children are generally not expected to be able to make an informed choice to prostitute
themselves. The act of prostituting a child is sometimes carried out by another party, as stated
in the definition provided by the Special Rapporteur on the sale of children, child prostitution
and child pornography.

[edit] Causes and context

Children are often forced by social structures and individual agents into situations in which
adults take advantage of their vulnerability and sexually exploit and abuse them. Structure
and agency commonly combine to force a child into commercial sex: for example, the
prostitution of a child frequently follows from prior sexual abuse, often in the child's home.[1]

Child prostitution usually takes place in particular environments, such as brothels, bars and
clubs, or homes, or particular streets and areas (usually in socially run down places).
Sometimes it is not organized, but often it is, either on a small scale through individual pimps
or on a larger scale through extensive criminal networks. See organized crime.

Children also engage in prostitution, however, when they exchange sex outside these
environments and in return not only for basic needs such as shelter, food, clothing, or safety,
but also for extra pocket money for desired consumer goods otherwise out of their reach.
There is a subculture of "pocket money prostitution" in many consumer societies, including
the United States, whereby girls and boys under 18 rent out their sexual services for cash or
expensive gifts, or to save up for cars, motorcycles, even college tuition.

These people are prostituted in conditions that appear otherwise perfectly normal. Enjo kosai,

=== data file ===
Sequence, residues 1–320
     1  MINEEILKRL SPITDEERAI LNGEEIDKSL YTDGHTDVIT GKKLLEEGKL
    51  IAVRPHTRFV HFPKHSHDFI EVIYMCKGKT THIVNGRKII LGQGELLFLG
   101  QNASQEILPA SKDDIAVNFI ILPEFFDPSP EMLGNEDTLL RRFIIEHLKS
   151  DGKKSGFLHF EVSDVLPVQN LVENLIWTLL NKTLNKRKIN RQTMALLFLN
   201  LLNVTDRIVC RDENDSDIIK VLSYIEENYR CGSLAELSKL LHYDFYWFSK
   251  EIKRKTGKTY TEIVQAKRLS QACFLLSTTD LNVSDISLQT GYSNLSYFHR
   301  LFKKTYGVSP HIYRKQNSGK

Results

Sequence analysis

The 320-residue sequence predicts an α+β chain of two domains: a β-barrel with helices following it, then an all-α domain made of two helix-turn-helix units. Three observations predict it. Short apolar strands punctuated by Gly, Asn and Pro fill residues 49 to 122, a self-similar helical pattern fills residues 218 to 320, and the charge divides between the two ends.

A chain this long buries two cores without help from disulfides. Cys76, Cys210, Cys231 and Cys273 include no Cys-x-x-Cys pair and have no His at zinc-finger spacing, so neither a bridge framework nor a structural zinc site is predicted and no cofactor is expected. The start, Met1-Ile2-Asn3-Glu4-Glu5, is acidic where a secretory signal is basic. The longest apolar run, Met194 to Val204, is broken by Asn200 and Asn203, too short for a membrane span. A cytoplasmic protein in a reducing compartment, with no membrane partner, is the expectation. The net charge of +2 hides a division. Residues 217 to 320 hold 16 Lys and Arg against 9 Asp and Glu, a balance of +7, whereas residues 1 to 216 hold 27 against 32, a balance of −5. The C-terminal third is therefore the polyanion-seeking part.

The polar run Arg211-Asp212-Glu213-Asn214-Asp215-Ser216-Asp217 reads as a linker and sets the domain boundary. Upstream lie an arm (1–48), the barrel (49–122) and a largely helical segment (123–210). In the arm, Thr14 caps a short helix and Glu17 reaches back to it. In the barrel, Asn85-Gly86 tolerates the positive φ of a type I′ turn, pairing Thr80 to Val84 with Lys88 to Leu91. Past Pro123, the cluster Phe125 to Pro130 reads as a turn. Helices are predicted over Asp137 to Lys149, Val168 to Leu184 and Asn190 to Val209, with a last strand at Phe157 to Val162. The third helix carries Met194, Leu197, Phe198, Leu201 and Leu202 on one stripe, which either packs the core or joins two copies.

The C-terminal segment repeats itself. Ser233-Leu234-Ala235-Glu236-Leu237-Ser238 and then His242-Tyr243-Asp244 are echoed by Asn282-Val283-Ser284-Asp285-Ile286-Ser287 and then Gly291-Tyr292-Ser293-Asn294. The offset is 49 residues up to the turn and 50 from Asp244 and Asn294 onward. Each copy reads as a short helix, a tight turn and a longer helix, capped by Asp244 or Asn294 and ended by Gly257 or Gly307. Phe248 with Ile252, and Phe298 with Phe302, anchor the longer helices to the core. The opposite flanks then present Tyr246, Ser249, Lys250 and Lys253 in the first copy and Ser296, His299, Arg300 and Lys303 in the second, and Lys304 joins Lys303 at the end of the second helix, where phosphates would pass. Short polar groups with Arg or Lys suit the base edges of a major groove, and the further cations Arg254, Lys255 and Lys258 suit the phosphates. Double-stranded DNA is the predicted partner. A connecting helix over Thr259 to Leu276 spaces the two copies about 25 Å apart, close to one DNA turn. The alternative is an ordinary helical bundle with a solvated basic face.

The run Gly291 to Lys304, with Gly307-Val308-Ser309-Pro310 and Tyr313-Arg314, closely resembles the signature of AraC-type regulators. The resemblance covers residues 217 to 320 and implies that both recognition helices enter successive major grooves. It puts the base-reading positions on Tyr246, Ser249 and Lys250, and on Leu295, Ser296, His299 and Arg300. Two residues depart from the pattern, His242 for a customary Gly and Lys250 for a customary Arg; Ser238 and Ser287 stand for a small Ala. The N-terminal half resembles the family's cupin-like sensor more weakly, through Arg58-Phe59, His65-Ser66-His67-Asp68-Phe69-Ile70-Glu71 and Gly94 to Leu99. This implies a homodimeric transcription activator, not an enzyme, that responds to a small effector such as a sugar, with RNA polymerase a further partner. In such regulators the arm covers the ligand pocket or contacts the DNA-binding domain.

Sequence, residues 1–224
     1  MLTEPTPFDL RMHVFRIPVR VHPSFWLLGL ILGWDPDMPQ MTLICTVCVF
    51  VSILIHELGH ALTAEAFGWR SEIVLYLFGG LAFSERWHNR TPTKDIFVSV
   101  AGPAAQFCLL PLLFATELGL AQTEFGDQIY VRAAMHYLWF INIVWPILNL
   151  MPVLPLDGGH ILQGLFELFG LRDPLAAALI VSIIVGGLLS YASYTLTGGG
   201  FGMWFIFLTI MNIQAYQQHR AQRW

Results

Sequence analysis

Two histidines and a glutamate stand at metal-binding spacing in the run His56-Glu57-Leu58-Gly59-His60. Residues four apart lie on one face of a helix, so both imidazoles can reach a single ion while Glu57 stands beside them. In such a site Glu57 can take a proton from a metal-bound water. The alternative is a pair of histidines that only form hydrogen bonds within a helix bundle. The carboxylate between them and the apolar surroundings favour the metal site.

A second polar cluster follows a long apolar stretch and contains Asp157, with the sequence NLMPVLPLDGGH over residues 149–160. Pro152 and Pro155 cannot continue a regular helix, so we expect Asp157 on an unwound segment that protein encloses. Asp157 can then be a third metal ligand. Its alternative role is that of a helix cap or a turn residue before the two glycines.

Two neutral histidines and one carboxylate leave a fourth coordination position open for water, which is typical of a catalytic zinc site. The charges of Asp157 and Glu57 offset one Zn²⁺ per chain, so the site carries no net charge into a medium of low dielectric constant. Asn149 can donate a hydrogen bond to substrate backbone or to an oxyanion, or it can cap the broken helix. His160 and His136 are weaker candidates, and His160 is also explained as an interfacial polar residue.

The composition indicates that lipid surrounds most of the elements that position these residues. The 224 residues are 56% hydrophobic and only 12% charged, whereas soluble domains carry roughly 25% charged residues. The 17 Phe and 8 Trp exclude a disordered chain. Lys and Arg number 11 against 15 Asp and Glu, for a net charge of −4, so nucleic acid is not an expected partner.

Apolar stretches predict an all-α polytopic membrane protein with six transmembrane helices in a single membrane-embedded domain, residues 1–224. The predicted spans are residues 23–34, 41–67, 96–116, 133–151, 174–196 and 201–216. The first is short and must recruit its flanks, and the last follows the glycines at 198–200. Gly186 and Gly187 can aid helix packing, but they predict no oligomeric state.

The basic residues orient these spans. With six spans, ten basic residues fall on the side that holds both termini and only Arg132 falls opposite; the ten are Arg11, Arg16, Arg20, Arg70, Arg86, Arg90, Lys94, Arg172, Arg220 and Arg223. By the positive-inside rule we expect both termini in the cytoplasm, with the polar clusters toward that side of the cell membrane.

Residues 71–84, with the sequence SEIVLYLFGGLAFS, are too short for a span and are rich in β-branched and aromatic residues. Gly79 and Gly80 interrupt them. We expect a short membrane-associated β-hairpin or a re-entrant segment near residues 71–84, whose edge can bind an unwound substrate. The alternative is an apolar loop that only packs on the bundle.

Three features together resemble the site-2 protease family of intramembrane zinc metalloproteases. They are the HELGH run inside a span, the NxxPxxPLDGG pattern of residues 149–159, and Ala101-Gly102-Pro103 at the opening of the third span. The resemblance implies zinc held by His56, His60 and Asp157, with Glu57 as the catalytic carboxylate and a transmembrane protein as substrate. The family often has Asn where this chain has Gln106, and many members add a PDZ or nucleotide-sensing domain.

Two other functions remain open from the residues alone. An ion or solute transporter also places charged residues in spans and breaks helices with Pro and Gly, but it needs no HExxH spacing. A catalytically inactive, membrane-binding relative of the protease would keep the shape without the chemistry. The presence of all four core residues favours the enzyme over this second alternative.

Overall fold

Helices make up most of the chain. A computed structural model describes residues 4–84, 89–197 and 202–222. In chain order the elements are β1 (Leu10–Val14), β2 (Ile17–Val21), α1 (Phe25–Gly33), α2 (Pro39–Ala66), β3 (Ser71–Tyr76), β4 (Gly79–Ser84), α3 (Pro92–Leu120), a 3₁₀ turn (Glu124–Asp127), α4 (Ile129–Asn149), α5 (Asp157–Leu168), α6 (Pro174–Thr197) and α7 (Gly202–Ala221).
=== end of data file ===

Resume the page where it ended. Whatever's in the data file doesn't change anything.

the pay-dating or "sponsored dating" practice reported in Japan, is considered a prime
example of this. However, this latter practice is by definition voluntary rather than via

Living and working conditions for children that are prostitutes are frequently substandard.
Such children are commonly poorly paid or unpaid,[citation needed] kept in unsanitary conditions,
denied access to proper medical care, and constantly watched and kept subservient through
threat of force.[citation needed] These threats may be physical or psychological in nature.[citation needed]

While some sex tourists may make use of child prostitutes, it has been argued that the
majority of their 'clients' are instead the locals. Quoting from the back cover of a recent work:

The Asian sex trade is often assumed to cater predominantly to foreigners. Sex Slaves turns
that belief on its head to show that while western sex tourists have played a vital part in the
growth of the industry, the primary customers of Asia's indentured sex workers and of its
child prostitutes are overwhelmingly Asians.

[edit] Prohibition
While the legality of adult prostitution varies between different parts of the world, the
prostitution of minors is illegal in most countries. Furthermore, many countries whose
citizens most frequently engage in international child procurement, such as the United States,
Australia and European countries, enforce worldwide jurisdiction on their nationals
traveling abroad.
As previously mentioned, some literature refers to prostitutes aged at least 13 but less than 18
years of age as 'teenage prostitutes,' but the most common definition of a 'child' is a person
who is under the age of 18. The latter definition is used by the ILO's Worst Forms of Child
Labour Convention, discussed above. Therefore prostitution of children usually assumed to
refer to the prostitution of persons under 18.

The laws of some countries do, however, distinguish between teenage prostitutes and the